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Setting firmer constraints on the evolution of the most massive, central galaxies from their local abundances and ages

Setting firmer constraints on the evolution of the most massive, central galaxies from their local abundances and ages
Setting firmer constraints on the evolution of the most massive, central galaxies from their local abundances and ages
There is still much debate surrounding how the most massive, central galaxies in the local universe have assembled their stellar mass, especially the relative roles of in situ growth versus later accretion via mergers. In this paper, we set firmer constraints on the evolutionary pathways of the most massive central galaxies by making use of empirical estimates on their abundances and stellar ages. The most recent abundance matching and direct measurements strongly favour that a substantial fraction of massive galaxies with Mstar>3 × 1011?M? reside at the centre of clusters with mass Mhalo>3 × 1013?M?. Spectral analysis supports ages >10 Gyr, corresponding to a formation redshift zform>2. We combine these two pieces of observationally based evidence with the mass accretion history of their host dark matter haloes. We find that in these massive haloes, the stellar mass locked up in the central galaxy is comparable to, if not greater than, the total baryonic mass at zform. These findings indicate that either only a relatively minor fraction of their present-day stellar mass was formed in situ at zform, or that these massive, central galaxies form in the extreme scenario where almost all of the baryons in the progenitor halo are converted into stars. Interestingly, the latter scenario would not allow for any substantial size growth since the galaxy's formation epoch either via mergers or expansion. We show our results hold irrespective of systematic uncertainties in stellar mass, abundances, galaxy merger rates, stellar initial mass function, star formation rate and dark matter accretion histories.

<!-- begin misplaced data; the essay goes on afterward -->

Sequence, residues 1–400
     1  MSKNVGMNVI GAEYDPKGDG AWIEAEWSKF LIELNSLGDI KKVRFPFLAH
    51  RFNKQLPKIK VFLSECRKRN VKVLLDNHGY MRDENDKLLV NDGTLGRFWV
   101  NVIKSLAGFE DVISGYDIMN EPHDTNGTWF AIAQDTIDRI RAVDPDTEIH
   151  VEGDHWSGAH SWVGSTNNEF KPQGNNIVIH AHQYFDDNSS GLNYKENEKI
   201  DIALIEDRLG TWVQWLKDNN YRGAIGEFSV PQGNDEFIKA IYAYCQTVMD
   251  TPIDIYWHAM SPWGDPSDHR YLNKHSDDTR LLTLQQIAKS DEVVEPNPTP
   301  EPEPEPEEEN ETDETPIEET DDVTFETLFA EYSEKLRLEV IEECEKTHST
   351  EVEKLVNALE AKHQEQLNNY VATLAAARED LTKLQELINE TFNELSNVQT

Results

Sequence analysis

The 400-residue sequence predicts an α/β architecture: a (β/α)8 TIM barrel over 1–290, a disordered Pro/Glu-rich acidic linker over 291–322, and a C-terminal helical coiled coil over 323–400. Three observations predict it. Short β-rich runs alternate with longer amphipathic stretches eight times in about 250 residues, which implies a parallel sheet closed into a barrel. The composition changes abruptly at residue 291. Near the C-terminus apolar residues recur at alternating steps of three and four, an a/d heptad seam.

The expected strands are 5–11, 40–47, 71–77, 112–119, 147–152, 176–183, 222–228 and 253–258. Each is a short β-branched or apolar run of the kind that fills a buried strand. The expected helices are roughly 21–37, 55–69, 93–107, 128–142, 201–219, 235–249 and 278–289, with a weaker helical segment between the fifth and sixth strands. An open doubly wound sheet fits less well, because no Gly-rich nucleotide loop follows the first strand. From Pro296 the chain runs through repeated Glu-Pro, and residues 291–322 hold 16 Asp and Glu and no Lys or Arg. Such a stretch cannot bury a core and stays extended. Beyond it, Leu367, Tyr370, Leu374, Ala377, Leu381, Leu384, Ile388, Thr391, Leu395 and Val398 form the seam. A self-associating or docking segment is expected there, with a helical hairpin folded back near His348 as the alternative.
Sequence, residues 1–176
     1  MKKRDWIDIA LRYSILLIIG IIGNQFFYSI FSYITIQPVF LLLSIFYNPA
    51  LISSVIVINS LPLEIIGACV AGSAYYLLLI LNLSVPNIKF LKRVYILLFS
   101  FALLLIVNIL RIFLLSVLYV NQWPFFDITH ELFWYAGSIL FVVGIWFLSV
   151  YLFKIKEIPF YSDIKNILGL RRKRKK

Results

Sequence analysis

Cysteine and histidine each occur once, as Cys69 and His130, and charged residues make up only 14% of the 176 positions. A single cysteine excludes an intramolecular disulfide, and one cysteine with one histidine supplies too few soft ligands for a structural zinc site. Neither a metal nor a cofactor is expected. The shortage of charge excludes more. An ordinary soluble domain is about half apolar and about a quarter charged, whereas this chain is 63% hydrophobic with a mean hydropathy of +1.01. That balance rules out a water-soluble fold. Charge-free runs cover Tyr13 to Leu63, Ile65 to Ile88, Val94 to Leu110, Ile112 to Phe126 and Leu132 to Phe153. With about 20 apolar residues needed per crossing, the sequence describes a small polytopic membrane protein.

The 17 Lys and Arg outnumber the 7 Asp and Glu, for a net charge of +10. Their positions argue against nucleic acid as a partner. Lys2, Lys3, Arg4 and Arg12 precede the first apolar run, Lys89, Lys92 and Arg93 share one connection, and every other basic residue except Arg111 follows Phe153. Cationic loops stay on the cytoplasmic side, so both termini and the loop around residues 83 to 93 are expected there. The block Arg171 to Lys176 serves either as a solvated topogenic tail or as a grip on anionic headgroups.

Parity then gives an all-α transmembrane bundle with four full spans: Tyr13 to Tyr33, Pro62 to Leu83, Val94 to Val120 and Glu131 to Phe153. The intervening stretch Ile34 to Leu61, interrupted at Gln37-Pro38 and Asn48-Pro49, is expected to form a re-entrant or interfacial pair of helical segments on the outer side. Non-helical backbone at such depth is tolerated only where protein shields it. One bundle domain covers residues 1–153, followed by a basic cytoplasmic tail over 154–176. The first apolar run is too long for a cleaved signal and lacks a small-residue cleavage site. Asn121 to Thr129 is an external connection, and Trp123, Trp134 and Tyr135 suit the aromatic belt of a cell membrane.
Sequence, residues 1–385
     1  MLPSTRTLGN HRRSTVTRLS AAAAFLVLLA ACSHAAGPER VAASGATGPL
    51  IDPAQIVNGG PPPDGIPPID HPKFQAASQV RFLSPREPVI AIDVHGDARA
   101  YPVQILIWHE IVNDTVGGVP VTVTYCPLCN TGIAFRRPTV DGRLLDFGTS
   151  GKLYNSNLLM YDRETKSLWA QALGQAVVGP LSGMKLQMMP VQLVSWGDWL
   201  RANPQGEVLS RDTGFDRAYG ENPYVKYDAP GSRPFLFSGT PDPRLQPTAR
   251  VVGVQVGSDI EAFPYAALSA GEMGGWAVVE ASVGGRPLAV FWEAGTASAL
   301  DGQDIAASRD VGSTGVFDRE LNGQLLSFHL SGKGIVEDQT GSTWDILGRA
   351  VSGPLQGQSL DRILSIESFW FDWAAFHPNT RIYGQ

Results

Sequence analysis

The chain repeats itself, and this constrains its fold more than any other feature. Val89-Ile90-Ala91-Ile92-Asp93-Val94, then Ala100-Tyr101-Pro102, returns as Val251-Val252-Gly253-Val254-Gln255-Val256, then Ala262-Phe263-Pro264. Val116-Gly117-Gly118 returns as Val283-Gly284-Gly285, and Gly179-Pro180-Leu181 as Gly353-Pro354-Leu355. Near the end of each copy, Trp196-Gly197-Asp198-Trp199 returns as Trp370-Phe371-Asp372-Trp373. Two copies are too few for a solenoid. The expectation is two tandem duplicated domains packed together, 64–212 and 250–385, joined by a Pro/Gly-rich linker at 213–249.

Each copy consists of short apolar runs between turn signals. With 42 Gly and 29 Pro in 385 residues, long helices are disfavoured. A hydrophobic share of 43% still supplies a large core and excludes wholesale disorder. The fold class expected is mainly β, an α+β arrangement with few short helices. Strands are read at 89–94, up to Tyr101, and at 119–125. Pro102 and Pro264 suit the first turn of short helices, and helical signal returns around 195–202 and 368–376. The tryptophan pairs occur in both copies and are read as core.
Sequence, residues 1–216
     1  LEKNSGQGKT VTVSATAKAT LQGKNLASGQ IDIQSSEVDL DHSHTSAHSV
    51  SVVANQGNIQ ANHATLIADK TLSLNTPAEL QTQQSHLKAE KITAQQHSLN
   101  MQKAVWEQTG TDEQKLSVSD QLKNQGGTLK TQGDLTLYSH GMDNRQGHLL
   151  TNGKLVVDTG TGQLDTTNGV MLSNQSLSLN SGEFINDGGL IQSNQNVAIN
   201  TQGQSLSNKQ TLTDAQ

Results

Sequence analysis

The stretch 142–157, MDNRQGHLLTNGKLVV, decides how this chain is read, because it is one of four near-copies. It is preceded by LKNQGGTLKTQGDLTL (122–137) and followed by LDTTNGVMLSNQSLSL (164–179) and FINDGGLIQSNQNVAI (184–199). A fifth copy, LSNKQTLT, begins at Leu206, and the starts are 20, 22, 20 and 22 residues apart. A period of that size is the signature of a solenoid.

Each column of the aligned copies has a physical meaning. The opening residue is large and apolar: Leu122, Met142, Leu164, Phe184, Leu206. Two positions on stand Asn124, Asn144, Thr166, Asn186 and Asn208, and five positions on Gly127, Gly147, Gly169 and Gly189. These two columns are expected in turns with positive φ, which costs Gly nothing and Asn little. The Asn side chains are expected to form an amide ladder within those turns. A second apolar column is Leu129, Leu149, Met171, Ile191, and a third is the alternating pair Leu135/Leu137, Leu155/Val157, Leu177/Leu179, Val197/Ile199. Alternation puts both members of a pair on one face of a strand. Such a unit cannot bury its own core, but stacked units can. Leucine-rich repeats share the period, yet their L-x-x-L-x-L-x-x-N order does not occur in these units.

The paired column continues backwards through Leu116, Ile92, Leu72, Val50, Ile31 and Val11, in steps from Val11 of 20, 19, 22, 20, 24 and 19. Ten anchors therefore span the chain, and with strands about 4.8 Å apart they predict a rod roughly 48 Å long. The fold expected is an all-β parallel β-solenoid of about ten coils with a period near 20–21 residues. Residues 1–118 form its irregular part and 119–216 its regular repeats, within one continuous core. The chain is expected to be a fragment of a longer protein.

0035-8711
2001-2010
Buchan, Stewart
8c3f2c85-3ffa-491c-91b5-b7bbeb0021cd
Shankar, Francesco
b10c91e4-85cd-4394-a18a-d4f049fd9cdb
Buchan, Stewart
8c3f2c85-3ffa-491c-91b5-b7bbeb0021cd
Shankar, Francesco
b10c91e4-85cd-4394-a18a-d4f049fd9cdb

Buchan, Stewart and Shankar, Francesco (2016) Setting firmer constraints on the evolution of the most massive, central galaxies from their local abundances and ages. Monthly Notices of the Royal Astronomical Society, 462 (2), 2001-2010. (doi:10.1093/mnras/stw1771).

Record type: Article

Abstract

There is still much debate surrounding how the most massive, central galaxies in the local universe have assembled their stellar mass, especially the relative roles of in situ growth versus later accretion via mergers. In this paper, we set firmer constraints on the evolutionary pathways of the most massive central galaxies by making use of empirical estimates on their abundances and stellar ages. The most recent abundance matching and direct measurements strongly favour that a substantial fraction of massive galaxies with Mstar>3 × 1011?M? reside at the centre of clusters with mass Mhalo>3 × 1013?M?. Spectral analysis supports ages >10 Gyr, corresponding to a formation redshift zform>2. We combine these two pieces of observationally based evidence with the mass accretion history of their host dark matter haloes. We find that in these massive haloes, the stellar mass locked up in the central galaxy is comparable to, if not greater than, the total baryonic mass at zform. These findings indicate that either only a relatively minor fraction of their present-day stellar mass was formed in situ at zform, or that these massive, central galaxies form in the extreme scenario where almost all of the baryons in the progenitor halo are converted into stars. Interestingly, the latter scenario would not allow for any substantial size growth since the galaxy's formation epoch either via mergers or expansion. We show our results hold irrespective of systematic uncertainties in stellar mass, abundances, galaxy merger rates, stellar initial mass function, star formation rate and dark matter accretion histories.

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Accepted/In Press date: 19 July 2016
e-pub ahead of print date: 28 July 2016
Published date: 21 October 2016
Organisations: Astronomy Group

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Local EPrints ID: 400178
URI: http://eprints.soton.ac.uk/id/eprint/400178
ISSN: 0035-8711
PURE UUID: b7efed0d-9772-41ef-aee8-189ffcbfdb4a

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Date deposited: 12 Sep 2016 14:30
Last modified: 16 Dec 2019 19:44

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